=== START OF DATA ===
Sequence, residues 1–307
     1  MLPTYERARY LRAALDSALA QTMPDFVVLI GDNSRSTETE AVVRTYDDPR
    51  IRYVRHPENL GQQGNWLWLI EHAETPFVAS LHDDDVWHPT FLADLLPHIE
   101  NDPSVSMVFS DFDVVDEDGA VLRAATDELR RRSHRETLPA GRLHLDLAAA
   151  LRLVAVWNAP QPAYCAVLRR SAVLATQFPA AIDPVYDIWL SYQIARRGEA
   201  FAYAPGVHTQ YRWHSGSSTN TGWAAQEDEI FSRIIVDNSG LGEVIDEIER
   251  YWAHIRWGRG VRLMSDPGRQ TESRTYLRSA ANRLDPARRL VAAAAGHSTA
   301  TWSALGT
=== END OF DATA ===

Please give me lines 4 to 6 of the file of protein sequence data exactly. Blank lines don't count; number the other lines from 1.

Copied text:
   101  NDPSVSMVFS DFDVVDEDGA VLRAATDELR RRSHRETLPA GRLHLDLAAA
   151  LRLVAVWNAP QPAYCAVLRR SAVLATQFPA AIDPVYDIWL SYQIARRGEA
   201  FAYAPGVHTQ YRWHSGSSTN TGWAAQEDEI FSRIIVDNSG LGEVIDEIER